KUALA LUMPUR: Approximately 100,000 Malaysians are affected by HIV/AIDS but almost half of them fail to seek treatment due to shame and fear of social stigma despite government initiatives to provide free medication, according to an AIDS body under the health ministry.
The Malaysian AIDS Council (MAC) said some were also in denial or resigned to what they believed to be fate.
“A lot of them probably think they’re going to die anyway, so they don’t bother. Many of them are drug users who might not have stable jobs, and some of them are homeless.
“When you put all the factors together, that’s where you get the 50% of those who don’t get treatment,” MAC president Bakhtiar Talhah told FMT.
Although frontline treatment for HIV, which costs about RM400 a month, is given for free at government hospitals, Bakhtiar said MAC often came across people who refused to seek treatment at the closest medical centre. Instead, he said, they preferred to travel to hospitals further away to avoid running into people they knew.
“There’s still a lot of stigma and discrimination that people with HIV in Malaysia face.”
There are currently some 3,300 reported cases of HIV infections a year, down from 6,000 to 7,000 a decade ago.
The majority of the 3,300 cases were sexually transmitted, although Bakhtiar said the spread of HIV in Malaysia was initially driven by drug use.
“Sex was never the main factor in Malaysia,” he said. “We had a very unique case of the HIV pandemic.”
With initiatives such as needle exchange programmes, which provide drug addicts with clean needles, the number of cases involving HIV infection through needle-sharing dropped by 90%, he said.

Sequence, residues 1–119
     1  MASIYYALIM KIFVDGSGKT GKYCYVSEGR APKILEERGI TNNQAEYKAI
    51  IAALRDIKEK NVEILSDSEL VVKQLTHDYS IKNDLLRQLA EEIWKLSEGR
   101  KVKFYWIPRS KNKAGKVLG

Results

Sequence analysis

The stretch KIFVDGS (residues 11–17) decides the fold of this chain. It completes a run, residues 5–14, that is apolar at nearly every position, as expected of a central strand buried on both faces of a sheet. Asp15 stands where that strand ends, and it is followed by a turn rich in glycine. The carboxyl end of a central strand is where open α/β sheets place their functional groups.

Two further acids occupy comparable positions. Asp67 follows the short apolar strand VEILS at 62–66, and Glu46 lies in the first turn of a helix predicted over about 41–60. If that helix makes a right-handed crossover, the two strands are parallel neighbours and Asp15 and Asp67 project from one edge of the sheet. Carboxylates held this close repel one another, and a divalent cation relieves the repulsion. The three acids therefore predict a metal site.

Bakhtiar said through MAC’s work on the ground, it had discovered that the urban population was generally more open to HIV/AIDS-related issues than those in rural areas.
“But at the same time, we have been surprised by the acceptance of certain initiatives by those in rural areas,” he added.
“For example, drug use is probably more rampant in rural areas, plantations and fishing communities. But we found that because the family or community lanes are very strong in those areas, they actually support our initiatives.”
Asean deputy secretary-general for the Asean Socio-Cultural Community Kung Phoak meanwhile told FMT he was optimistic about the overall HIV rates in the region.
He said there had been great progress in the area and a drop in the number of people affected by HIV/AIDS.
Bakhtiar, however, was less confident.
“If you’re looking at absolute numbers, we have been able to get the number of infections down,” he said.
“But compared to what other regions have done and how they have performed, we are way behind.”
He told FMT that Asia was in fact the worst performing region in this matter, below Latin America and Africa.
“We have to ask why. What is it that they are doing which we are not? In that sense, there’s still so much for us to do.”